Local gaming dollar distributions need greater transparency
Summary: Revenue from Pennsylvania’s gaming law is distributed to local governments and taxpayers at varied amounts and under several categories. The most familiar category is the Property Tax Relief Fund. But local governments receive money from the Gaming, Economic Development and Tourism Fund and Local Share Assessment. This Brief will discuss the Local Share Assessment (LSA) category and its implementation of reporting requirements according to Act 1 of 2010.
The LSA portion allocates slot machine operation fees and table game revenues to the host municipality and county of the licensed gaming facility. The LSA proceeds are used to diminish the effect of gaming and related activities such as increased costs of emergency services and also to support the community and economy.
After a legal challenge to the rates set forth in the original gaming law, Act 42 of 2017 changed the law regarding the municipal portion of the LSA distribution (Policy Brief Vol. 17, No. 47). Now, 2 percent of slot machine gross terminal revenue goes to the host county and $10 million to the host municipality annually (excluding category 3 casinos also known as resort casinos but includes all casinos in Philadelphia). Table games contribute 1 percent of revenues to the host county with an additional 1 percent to host municipality.
Like other legislation Act 42 of 2017 is full of exclusions and exemptions especially concerning category 3 casinos (resort casinos). For example, for the Valley Forge Casino, a category 3 casino located in a second-class A county (Montgomery), 50 percent of the LSA goes to the Commonwealth Financial Authority for specific grants and programs to be used in Montgomery County as detailed in the legislation. Whereas, Lady Luck Casino (Fayette County) another category 3 casino, all LSA county funds go directly to the Department of Community and Economic Development (DCED). DCED then distributes the funds to grant programs to be used in the county not distributed directly to the county itself. In the previous examples both host municipalities directly receive LSA funds.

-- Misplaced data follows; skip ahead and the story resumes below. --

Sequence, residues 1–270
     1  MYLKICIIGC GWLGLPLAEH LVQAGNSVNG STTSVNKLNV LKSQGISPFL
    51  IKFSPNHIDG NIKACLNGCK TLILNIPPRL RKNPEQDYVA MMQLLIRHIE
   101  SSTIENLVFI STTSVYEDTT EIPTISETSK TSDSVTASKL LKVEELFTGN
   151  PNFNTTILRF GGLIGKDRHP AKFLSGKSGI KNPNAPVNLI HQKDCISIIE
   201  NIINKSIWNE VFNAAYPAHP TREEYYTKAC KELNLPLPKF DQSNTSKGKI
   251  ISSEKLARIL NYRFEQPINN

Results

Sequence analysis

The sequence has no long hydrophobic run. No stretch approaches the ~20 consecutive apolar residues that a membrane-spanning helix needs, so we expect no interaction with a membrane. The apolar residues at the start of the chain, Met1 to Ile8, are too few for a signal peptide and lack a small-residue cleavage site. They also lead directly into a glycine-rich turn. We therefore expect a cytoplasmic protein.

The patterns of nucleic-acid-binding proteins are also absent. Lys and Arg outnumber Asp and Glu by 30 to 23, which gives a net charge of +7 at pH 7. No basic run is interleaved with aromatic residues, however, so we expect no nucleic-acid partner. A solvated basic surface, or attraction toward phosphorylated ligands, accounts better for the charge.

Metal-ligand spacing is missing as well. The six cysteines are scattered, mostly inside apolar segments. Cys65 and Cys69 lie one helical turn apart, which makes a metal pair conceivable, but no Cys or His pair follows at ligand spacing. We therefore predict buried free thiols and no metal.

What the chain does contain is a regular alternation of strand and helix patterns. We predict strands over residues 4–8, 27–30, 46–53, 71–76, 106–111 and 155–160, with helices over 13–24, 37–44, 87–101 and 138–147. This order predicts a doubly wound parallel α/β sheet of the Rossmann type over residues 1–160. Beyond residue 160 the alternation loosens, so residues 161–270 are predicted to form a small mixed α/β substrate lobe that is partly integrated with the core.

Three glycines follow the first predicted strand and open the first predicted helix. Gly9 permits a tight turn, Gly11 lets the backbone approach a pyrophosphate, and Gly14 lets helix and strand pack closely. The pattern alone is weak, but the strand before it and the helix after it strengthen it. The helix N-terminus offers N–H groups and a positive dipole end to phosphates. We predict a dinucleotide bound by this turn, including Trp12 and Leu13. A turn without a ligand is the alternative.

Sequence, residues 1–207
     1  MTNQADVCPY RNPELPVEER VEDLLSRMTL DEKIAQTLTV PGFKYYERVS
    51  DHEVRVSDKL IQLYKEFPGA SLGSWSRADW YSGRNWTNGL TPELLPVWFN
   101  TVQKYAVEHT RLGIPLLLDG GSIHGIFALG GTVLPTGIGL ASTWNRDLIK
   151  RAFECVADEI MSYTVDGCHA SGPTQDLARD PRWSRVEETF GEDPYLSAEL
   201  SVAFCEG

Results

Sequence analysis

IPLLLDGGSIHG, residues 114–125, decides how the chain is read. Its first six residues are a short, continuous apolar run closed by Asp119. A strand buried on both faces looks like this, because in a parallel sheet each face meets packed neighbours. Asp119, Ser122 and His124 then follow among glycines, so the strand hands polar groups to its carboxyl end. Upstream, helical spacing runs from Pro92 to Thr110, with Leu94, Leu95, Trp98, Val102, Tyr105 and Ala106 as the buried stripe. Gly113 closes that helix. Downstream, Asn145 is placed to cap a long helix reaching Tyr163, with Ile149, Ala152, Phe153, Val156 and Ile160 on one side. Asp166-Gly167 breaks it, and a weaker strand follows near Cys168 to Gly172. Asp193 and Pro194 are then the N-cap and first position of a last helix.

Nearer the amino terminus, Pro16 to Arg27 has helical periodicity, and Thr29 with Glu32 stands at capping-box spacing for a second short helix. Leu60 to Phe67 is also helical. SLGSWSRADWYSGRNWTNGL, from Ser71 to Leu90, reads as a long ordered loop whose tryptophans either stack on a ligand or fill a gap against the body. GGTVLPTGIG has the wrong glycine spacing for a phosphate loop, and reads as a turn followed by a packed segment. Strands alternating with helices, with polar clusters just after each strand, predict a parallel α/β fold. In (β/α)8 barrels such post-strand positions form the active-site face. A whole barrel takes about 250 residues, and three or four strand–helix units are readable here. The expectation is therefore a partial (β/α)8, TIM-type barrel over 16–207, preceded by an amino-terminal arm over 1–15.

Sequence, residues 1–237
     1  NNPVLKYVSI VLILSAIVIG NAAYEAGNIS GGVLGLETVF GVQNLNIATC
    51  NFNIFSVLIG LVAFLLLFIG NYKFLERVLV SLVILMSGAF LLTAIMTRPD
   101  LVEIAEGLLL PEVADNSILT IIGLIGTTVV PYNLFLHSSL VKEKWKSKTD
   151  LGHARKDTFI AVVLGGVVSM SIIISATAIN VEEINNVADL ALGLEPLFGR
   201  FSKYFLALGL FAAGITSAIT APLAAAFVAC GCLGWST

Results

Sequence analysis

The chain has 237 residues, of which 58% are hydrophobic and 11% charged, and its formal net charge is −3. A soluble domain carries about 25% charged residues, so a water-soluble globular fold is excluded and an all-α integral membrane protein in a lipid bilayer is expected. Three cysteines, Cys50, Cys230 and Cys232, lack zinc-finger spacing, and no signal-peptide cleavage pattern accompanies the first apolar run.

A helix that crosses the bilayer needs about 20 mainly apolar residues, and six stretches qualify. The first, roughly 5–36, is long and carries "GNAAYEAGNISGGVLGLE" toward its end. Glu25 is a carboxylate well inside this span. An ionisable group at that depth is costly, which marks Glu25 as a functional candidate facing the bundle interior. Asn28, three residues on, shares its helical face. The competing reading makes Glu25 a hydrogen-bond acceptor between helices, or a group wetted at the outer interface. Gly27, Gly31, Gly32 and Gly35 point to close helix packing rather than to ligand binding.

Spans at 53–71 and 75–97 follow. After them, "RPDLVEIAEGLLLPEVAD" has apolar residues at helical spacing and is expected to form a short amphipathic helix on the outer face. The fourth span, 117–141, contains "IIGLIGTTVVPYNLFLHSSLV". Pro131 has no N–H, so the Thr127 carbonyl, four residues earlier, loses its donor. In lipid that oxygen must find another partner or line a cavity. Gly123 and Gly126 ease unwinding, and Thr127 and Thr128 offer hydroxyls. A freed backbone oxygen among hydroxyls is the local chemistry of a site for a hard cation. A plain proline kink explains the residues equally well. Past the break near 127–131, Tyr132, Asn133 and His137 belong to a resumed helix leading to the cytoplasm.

Act 1 of 2010 includes a requirement for municipalities and counties that receive LSA to file a report to DCED. DCED is also required to annually submit a report to the legislative Appropriations, Community, Economic and Recreational Development and Gaming Oversight Committees.
The report must state the specific amount of money and a description of how the funds were used (i.e. general fund or specific use/project). Act 1 does not indicate whether there is any type of penalty for local governments who fail to annually report to the DCED.
Municipalities and counties that receive LSA can use the money for general government; public safety; health and human services; public works sanitation; public works highway and streets; other public work enterprises; culture and recreation; community development; debt services; miscellaneous expenditures and other financing uses.
Both the counties and municipalities may opt to not spend LSA that year and the money can be placed in the general government category for a specified use at a later date.